I occasionally will browse through the clothing, but generally it tends to be ugly things from the 90's.  I was born in the 90's.  I'm quite done with 90's clothing.  HOWEVER there is occasionally something interesting amidst all the velvet dresses and awkward two piece dresses.  And it is usually in the plus size section, so I have learned.  Most of my favourite thrifted dresses are some giant size, like the one in this post, it's like a size 14.  This dress is a size 22. Yeah.  But there are ways to make these awkward dresses into something really awesome!
There are generally three tips that I follow when restyling an old dress:
1_cut it. 
 So many of those dresses have great potential but are really weird lengths.  An instant way to make it a little more modern and wearable is to cut it to the same length as one of the dresses you normally wear and hem it.
2_add a belt.
Rarely are thrifted dresses the right size, especially if you're like me and find that all the things you like are 8 sizes too big.  Adding a belt defines your waist and changes the silhouette of the dress.  This works best with dresses that don't already have a defined waist, like sheath dresses.
3_do something interesting.
Sometimes after cutting and hemming your dress it still isn't quite right, it needs something a little extra to make it perfect.  This could be adding a ruffle along the hemline, cutting off the sleeves and finishing the edges, or changing the neckline.  A little extra sewing can make a big difference in whether you actually end up wearing that dress you thought was so awesome for 30 cents.
This is what the above dress looked like when I first bought it for 50 cents.  The fabric and the "made in canada" label intrigued me.  And I liked the buttons.

I think my face says it all.  It has a definite dessert travelin', biblical times, sheep herder feel.
Or at least it did.  Until I cut it into a mini dress.
This is how I made it so much sweeter, using the above three guidelines.
1_using a rotary cutter and a ruler (and a cutting mat!) cut your new dress to your desired length, add an inch for hemming.  you can always cut it shorter, it's a lot harder to make it longer.  follow an existing dress if you're unsure of how long to cut it.  i cut mine pretty short, i don't really ever plan on wearing it without tights.
2_take in the sides.  i am all for flowy things. however, there was just a little too much fabric so I took in the sides, sewing about an inch away from the existing seam and then trimming the edges to 1/4" from the new seam to get rid of the bulk.  again, start small and try it on before taking it in some more.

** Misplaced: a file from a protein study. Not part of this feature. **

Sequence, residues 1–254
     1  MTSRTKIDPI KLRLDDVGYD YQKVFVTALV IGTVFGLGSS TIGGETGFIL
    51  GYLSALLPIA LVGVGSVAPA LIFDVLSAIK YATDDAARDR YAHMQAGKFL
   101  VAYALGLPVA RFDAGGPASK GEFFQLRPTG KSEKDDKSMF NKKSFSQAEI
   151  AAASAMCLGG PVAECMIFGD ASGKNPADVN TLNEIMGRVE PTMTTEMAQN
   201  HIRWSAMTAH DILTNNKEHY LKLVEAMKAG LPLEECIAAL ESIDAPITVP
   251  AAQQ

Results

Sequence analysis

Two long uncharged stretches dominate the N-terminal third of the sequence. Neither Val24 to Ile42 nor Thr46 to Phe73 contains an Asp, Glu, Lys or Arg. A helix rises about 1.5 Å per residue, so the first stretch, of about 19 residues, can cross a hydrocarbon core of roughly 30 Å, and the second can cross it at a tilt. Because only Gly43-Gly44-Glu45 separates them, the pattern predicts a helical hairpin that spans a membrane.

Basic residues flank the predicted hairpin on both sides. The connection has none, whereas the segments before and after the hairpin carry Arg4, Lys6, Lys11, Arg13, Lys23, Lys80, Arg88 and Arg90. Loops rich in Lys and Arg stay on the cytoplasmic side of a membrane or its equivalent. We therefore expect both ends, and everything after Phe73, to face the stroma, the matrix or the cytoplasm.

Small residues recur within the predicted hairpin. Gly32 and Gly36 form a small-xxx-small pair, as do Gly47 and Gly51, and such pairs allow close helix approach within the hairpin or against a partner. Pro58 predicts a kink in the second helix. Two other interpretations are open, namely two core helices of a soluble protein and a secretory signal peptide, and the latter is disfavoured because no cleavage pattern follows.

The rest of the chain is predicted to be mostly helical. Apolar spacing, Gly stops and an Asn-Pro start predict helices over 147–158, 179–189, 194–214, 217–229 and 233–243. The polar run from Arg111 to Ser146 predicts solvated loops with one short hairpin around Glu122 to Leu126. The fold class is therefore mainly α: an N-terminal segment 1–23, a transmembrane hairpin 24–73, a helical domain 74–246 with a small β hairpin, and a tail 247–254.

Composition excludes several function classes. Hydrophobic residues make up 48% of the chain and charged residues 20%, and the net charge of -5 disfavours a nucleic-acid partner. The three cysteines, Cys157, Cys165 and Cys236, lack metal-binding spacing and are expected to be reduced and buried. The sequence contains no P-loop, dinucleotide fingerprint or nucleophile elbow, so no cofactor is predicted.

3_you could either hem your dress at this point and be done with it, but i decided to add a ruffle to the bottom. start by cutting a strip of fabric to 3 - 4 times the width of your existing hem line and to whatever desired width, keeping in mind hemming will take up about an inch.  i didn't have any fabric that was long enough so i cut two strips that were four inches wide and sewed them together along one of the short edges.
4_hem the long edge.  i find it the easiest to sew 1/4 " away from one edge and then use the stitch line as a guide to fold the hem along that line so that the raw edge is pointing upwards. press.  fold over again so that the raw edge is now tucked in and not visible.  stitch about 1/8" away from the top fold.
5_sew the two short edges together and press seam open.
6_using a long stitch and without back stitching at either end, stitch around the top of the fabric.  then, gently pulling on top strings of either end gather the loop of fabric until it matches the diameter of your dress.  make sure the gathers are evenly distributed.
7_with right sides together, pin your ruffle to the hem of your dress and stitch using a regular length stitch.
8_trim threads, press ruffled edge down and you're done!  I decided to use an existing scarf as a belt but you could sew your own by cutting a strip of fabric to the desired length and then hemming all edges!